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Bathroom aids.


Children are expected to learn to carry out the everyday personal care tasks of washing and toileting -- independently and privately in the bathroom. However, mastering these tasks can be difficult because: (1) bathrooms are usually small spaces that can be slippery and have many hard surfaces; (2) washing oneself or urinating and defacating in the appropriate place can be complicated tasks to understand and remember; and (3) the nature of a child's disability. As a result, parents can spend considerable time and energy in the bathroom assisting young children.

For children who need extra help because of poor coordination, lack of sitting balance, or other disabilities, parents spend much more time and energy in this usually cramped space. As a result, the daily tasks of washing and toileting can be especially stressful.

For an older child with increasing needs for privacy and age-appropriate concerns about his/her body and appearance, needing continued assistance with washing or toileting can become increasingly troubling -- for child and parents. For parents, the task of helping a child with personal care activities can become increasingly physically taxing as well as emotionally stressful. Unfortunately, when children or adults are under stress and/or feel embarrassed, the likelihood of making mistakes increases. All these factors make the bathroom an uncomfortable, anxiety-provoking place.


When a young child can walk around the home unassisted and can use his/her arms and hands effectively, parents still have safety concerns and may want to install: hot water thermostats to prevent scalding; single control faucets; insulation around exposed pipes under sinks; padding around hard surfaces like water faucets; slip resistant floors and bathtubs; door locks that are easily opened from the outside in case of emergency; and towel bars, mirrors or toothbrush holders at appropriate heights to discourage climbing. Emergency call buttons at strategic locations in the bathroom can also be considered.

Getting into and out of a bathtub safely requires considerable physical ability, coordination, good eyesight, and an understanding of the risks of soapy water and other hazards. Although lifting a child into and out of an ordinary bathtub may be possible for some adults without back strain, for most parents it is neither practical nor safe.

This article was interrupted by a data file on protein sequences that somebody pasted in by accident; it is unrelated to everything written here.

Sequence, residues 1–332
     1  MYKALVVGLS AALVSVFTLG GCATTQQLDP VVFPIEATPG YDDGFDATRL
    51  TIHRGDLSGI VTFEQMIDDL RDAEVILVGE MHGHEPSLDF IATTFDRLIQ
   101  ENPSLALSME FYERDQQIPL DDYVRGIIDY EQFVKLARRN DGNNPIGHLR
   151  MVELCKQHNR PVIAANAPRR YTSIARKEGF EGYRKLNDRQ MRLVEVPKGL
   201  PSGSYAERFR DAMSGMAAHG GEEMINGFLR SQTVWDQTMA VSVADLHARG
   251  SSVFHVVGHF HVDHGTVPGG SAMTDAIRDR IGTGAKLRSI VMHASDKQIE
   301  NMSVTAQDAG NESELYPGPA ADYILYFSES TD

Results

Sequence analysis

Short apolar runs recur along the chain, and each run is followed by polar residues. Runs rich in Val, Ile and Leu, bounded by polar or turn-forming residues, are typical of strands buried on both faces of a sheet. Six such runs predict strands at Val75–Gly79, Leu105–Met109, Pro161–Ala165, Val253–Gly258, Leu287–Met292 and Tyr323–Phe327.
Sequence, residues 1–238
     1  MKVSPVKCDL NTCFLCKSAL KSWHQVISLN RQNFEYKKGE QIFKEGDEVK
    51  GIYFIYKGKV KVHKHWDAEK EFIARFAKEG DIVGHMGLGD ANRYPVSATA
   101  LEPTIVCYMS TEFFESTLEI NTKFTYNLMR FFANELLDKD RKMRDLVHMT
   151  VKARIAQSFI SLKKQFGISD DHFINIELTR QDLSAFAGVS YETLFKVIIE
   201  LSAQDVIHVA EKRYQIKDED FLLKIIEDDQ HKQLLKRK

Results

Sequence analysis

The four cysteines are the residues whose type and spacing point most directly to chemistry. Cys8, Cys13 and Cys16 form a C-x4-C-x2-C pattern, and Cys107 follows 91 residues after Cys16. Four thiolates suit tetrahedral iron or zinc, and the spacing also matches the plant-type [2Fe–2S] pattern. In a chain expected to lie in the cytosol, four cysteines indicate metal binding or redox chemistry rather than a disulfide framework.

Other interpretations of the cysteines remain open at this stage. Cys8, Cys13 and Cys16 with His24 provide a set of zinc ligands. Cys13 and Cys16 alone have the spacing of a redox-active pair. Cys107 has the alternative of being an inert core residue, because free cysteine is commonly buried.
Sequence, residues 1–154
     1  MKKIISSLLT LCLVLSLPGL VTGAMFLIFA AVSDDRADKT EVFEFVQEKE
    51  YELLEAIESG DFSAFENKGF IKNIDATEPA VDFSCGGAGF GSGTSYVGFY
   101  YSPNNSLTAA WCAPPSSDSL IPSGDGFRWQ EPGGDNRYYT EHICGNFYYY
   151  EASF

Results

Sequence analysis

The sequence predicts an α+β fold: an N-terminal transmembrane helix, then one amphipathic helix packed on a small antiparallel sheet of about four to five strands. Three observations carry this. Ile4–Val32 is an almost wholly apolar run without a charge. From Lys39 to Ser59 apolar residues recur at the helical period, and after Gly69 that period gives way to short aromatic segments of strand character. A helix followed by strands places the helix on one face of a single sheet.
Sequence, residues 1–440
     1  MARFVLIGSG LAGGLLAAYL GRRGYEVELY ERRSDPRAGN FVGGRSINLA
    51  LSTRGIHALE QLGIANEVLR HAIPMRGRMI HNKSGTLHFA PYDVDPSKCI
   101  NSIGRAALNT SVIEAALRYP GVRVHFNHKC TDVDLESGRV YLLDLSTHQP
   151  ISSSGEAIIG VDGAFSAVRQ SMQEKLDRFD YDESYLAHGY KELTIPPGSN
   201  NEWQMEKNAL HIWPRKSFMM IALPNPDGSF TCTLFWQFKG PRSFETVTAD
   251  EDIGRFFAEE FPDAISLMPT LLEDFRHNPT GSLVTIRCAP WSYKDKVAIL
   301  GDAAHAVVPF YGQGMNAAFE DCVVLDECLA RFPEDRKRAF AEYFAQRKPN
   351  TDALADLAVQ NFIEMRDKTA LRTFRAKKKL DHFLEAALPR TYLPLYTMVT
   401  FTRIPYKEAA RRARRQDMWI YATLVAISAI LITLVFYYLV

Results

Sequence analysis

Merely entering a bathroom can be difficult for a child who uses a wheelchair or needs the help of another person to get around because: (1) the doorway is too narrow; or (2) the way the door swings open can result in an obstacle. Doors that swing in decrease the maneuvering space inside the room while doors that swing out can be troublesome if the bathroom is entered via a hallway. When possible, sliding doors on tracks can solve both problems.

Even with an adequate doorway, many bathrooms lack sufficient space for turning a wheelchair so that the child can transfer to and from the chair to the toilet or shower. In addition, a sink with pipes and/or a vanity underneath means the child in a wheelchair cannot get up close enough to the sink to reach the faucets and/or use leg or knee faucet controls. There are sinks available which are adjustable in height.

These complications may result in parents carrying youngsters to and from the bathroom and/or lifting children from wheelchairs to the toilet or shower. Here the parent is faced with moving about, lowering, and lifting in tight positions -- and a child who will get larger and heavier.


Grab bars, bath benches, and bath lifts can make bathtubs accessible for some children with disabilities. However, for children with problems of sitting balance or other physical limitations, many parents turn to showers. Of course, in many homes, taking a shower still requires getting into the bathtub.

Grab rails or safety rails, attached to a tub or sink, provide something sturdy to grab; however, sometimes, attaching bars or rails can damage the tub or sink. Grab bars can be placed in various positions along walls (bars must be screwed into studs) to help in moving about anywhere in the bathroom; various textured surfaces are available to make grabbing more effective.

To use bath benches and bath seats, some transfer bench or seat is needed so that the child can transfer from the wheelchair, over the side of the bathtub and onto the bath seat. When seats and benches are combined, these units are sometimes referred to as seating systems. Some bath seats have armrests which can convert to transfer seats. To ensure privacy with a seating system, a space for the shower curtain between the transfer seat and the bath seat is needed.

By using hammock-like bath seats (also called bath chairs) made of plastic, fabric, or foam (so that the water can drain easily) that can be placed on metal frames with legs (adjustable to different heights) and include supports to secure the child, parents can put a child into a tub at a level that is safe for the child and workable for parents (both hands free) giving baths (sponge baths) or showers (usually with a hand-held flexible shower hose). The height adjustments also help parents avoid back strain. Sometimes, a fold down table built along the wall in the shower area can serve as a shower seat (bed). Inflatable bath beds (tubs) are also available and may be convenient for some children.